Current Reading

This blog is primarily for me to blog my responses to books that I'm reading. Sometimes I blog about other stuff too, though.

I'm currently reading Notes on the Death of Culture: Essays on Spectacle and Society by Mario Vargas Llosa.

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Wednesday, August 24, 2016

Bala, Chapter 7

In Chapter 7 Bala makes three main points:
1) Copernicus' work relied on trigonometric advances made by Indian mathematical astronomers and carried back to Europe by Jesuits who had done missionary work in India.  I think he makes a good case here, though a lot of it relies on details of archaic mathematical techniques that I know little about.  Modern algebraic and trigonometric notations make so many calculations so easy that it's often nearly impossible for somebody not trained as a historian of science to read even Isaac Newton's work, let alone the work of astronomers trained in the Ptolemaic tradition.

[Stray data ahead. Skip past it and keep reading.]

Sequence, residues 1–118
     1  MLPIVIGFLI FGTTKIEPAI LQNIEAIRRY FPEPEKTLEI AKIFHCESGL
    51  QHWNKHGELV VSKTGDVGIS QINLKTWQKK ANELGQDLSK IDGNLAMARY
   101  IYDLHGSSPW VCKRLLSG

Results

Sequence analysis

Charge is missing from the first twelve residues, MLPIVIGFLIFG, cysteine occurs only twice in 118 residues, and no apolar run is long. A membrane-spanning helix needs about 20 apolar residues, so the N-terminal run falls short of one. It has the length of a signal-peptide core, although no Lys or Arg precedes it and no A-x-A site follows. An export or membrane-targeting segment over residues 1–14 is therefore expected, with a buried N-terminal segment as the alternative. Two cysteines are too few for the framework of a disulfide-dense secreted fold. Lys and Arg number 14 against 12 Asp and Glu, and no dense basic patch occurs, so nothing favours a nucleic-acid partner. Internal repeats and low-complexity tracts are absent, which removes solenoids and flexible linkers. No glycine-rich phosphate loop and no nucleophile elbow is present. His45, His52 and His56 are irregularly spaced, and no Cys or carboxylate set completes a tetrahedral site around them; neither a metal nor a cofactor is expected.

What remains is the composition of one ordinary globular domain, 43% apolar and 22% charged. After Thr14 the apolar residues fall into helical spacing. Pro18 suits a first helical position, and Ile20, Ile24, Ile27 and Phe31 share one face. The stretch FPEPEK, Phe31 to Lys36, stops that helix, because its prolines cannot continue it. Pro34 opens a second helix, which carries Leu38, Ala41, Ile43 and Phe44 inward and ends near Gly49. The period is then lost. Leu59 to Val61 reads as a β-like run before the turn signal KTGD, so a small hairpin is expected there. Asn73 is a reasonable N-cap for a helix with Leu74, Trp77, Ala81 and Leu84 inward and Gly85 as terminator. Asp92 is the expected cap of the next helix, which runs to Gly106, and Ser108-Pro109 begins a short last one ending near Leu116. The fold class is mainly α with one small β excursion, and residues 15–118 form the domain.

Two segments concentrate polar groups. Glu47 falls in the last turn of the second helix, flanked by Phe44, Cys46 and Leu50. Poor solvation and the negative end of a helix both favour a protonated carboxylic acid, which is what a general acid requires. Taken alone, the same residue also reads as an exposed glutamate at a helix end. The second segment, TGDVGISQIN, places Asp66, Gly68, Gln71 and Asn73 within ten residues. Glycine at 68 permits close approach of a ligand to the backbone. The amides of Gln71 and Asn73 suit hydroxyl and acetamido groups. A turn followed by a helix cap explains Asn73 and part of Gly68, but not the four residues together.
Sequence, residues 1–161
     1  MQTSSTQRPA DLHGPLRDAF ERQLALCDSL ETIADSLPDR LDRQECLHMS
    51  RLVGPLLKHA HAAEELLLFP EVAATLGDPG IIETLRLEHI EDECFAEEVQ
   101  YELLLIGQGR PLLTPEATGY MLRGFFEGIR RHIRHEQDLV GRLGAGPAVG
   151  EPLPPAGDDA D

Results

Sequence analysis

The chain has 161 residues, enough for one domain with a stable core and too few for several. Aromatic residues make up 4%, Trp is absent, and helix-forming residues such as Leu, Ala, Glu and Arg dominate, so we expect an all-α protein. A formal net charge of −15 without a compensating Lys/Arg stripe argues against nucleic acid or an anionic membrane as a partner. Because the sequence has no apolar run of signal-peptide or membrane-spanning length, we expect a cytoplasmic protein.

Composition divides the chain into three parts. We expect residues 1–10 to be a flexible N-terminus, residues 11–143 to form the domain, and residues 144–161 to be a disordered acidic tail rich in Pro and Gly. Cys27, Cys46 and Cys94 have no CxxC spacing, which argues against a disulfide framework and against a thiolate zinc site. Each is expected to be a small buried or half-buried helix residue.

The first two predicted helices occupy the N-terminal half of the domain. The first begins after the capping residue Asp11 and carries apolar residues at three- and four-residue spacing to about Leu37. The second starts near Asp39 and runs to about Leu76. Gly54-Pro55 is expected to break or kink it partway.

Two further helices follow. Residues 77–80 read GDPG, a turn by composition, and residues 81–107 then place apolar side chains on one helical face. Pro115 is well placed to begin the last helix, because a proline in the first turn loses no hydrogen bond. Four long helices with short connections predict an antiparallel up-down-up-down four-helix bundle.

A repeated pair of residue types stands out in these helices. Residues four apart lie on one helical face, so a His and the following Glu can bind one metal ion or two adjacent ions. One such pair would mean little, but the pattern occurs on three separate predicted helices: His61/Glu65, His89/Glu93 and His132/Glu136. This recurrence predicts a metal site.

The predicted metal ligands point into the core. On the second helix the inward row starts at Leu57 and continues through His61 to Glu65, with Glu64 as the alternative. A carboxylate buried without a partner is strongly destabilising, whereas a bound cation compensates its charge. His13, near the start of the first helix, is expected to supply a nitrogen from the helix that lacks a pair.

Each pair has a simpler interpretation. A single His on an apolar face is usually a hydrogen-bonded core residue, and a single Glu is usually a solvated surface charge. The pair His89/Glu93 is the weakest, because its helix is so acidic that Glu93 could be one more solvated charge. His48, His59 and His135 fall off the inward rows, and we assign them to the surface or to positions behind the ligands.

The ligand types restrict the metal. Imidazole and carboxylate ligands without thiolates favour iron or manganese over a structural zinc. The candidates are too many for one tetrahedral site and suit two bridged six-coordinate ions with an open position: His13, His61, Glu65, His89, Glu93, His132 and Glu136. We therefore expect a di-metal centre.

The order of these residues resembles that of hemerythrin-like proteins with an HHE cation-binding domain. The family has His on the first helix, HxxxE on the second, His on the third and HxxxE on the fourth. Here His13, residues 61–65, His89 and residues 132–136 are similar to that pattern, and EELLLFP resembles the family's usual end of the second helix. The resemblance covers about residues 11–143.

2) Copernicus rejected an ugly Ptolemaic concept called the "equant", something that I can't bother myself to deeply comprehend because (like everything else involving planets in the Ptolemaic model) it's such an ugly thing.  Apparently the Arab astronomers loathed the equant because they saw the universe as a manifestation of God's perfect, pure divine will, and the equant was just freaking ugly.  Certainly Copernicus must have read some of the Arab critics of the equant, but before we judge the magnitude of their influence on Copernicus I must say that I recall reading in Kuhn's Copernican Revolution a few years ago that European astronomers apparently spent several centuries trying to introduce some new concept that could simplify planetary motion.  I take this to mean that everyone, not just the Arabs, was aware how ugly Ptolemy's model of planetary motion was.  A longing for a simpler, unifying model seems to be a universal personality trait among physical scientists.

3) While Bala doesn't claim a line of influence from India to Copernicus on this point, he notes that Indian astronomers had also tried heliocentric models, and had tried to answer the "OK, but if the earth is spinning so fast why don't we fly off?" objection by invoking physical models that involved the earth carrying us along.  Their physics was hardly Galilean, but there are at least parallels in that they attempted to simplify the universe with a heliocentric model coupled to a theory of motion.  Interesting stuff.

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